“I have finished reading 3 WISE MEN. I have to say that, for me, the story was right up there with what David Baldacci and James Patterson write. I enjoyed the whole story and was somewhat disappointed when xxx was killed off and I guess for that matter the same with xxx…I look forward to Jak’s next adventure.” by Les Wills [reply: my next thriller does not feature Jak, but I have plans to use him again. ]
James Patterson is one of the world’s most successful authors, having sold roughly 450 million books – thrillers, non-fiction and romance novels. He was the best-selling author of adult fiction in the UK in 2020, according to Nielsen Book Research, and was recently announced as the most-borrowed author from British libraries for the 14th year in a row [source: BBC].
In a recent interview on Late Night with Seth Meyers, James Patterson says, “I always imagine someone’s sitting across from me. I’m telling them a story and I don’t want them to get up until I’m finished.” Great advice from the master and I hope each chapter I write keeps my imaginary reader in their seat.
Here’s a couple of openers from well-known thriller writers;
“Sam Harrison swung his agile body out of the silver blue Ford Aerostar, which he had parked ono Q Street in the Georgetown section of Washington.” [Jack and Jill by James Patterson]
“Duke Russell is not guilty of the unspeakable crimes for which he was convicted; nonetheless, he is scheduled to be executed for them in one hour and forty-four minutes.” [The Guardians by John Grisham]
Only two examples, but both start with the name of the main character/protagonist and both give a sense of place – Washington for Patterson and a prison(?) for Grisham. I prefer the urgency and mystery given in John Grisham’s opener, for two reasons; first, there are ‘unspeakable crimes’ which ups my interest; second, time is running out. A third reason could be that we owned a Ford wagon a while back and we were not that thrilled with it (LOL).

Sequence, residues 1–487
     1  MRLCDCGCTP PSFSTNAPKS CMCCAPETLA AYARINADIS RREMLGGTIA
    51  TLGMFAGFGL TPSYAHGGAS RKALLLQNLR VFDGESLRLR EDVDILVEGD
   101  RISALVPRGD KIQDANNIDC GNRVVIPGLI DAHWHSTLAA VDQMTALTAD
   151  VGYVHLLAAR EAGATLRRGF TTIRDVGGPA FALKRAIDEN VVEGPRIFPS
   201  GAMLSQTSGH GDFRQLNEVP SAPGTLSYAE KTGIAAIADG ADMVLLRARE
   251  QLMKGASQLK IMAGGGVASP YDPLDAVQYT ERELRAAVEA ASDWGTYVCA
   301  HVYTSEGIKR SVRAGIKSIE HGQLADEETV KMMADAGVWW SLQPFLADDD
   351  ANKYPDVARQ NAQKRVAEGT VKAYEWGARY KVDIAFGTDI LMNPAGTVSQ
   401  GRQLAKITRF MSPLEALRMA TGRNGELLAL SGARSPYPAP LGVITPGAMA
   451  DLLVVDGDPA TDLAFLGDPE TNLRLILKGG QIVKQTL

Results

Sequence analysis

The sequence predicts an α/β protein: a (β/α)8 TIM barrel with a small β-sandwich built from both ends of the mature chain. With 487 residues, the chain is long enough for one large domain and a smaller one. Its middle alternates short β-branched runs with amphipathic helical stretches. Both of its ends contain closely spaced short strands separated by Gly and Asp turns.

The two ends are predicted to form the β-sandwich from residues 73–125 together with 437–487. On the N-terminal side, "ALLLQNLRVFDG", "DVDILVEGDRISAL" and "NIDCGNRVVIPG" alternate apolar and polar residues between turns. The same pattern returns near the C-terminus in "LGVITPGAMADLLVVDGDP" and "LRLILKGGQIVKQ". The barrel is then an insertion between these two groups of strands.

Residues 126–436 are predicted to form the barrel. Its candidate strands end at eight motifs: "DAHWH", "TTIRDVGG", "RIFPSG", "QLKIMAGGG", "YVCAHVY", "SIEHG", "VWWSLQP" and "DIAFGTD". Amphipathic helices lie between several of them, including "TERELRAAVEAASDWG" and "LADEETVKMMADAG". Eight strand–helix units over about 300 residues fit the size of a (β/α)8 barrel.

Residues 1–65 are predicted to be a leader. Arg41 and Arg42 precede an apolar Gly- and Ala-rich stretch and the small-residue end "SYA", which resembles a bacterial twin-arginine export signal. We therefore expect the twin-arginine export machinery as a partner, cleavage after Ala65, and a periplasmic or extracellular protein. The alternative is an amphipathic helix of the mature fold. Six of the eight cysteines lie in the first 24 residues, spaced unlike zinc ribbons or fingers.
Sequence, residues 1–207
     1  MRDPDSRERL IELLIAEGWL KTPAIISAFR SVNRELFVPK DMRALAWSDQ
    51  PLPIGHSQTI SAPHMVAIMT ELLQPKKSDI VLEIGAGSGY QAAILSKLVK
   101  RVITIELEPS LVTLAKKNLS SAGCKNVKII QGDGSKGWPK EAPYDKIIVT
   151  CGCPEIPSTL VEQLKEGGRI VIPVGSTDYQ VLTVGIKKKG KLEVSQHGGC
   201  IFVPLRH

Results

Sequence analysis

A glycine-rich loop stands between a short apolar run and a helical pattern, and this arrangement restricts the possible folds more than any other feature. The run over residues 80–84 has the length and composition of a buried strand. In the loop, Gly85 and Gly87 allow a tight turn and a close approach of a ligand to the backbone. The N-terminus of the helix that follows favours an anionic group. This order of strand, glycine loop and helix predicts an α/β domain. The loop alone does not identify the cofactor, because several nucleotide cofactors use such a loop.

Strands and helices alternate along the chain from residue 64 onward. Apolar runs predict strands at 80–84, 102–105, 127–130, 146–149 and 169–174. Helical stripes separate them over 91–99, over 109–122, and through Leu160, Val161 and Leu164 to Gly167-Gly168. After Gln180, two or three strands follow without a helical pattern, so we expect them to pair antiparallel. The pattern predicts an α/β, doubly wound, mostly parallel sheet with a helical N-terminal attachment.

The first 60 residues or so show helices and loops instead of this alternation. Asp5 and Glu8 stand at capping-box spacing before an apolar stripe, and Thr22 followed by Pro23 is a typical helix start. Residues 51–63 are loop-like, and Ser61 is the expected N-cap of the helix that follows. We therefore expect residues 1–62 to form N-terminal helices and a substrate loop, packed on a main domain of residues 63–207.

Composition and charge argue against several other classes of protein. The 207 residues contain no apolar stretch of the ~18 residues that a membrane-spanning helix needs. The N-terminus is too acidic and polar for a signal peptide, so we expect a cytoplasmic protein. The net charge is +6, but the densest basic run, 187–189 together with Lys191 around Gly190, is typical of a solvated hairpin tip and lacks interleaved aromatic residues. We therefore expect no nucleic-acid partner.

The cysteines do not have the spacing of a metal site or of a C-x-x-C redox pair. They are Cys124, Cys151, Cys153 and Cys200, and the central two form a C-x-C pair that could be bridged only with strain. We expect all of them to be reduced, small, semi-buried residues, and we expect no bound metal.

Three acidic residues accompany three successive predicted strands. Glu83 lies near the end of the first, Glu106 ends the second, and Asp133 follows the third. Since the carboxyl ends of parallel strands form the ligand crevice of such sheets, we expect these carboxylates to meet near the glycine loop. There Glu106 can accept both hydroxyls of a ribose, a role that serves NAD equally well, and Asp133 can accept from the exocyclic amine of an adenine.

In my new novel I hope the opening line grabs the reader’s interest by suggesting tension, introducing a female character and creating a need to find out who is being followed and why. It reads;
“You are being followed,” she whispers.
I love this comment by Dawn Schaefer on the opening lines of Tinker, Tailor, Soldier, Spy by John le Carré; “There is the sense of having been dropped into the middle of a conversation, and a gossipy one at that...” And what, you will no doubt ask, are these lines?
“The truth is, if old Major Dover hadn’t dropped dead at Taunton races Jim would never have come to Thursgood’s at all.”
Now that we are on about Carré, here is my favorite opener (from Call for the Dead);
“When Lady Ann Sercomb married George Smiley towards the end of the war she described him to her astonished Mayfair friends as breathtakingly ordinary.”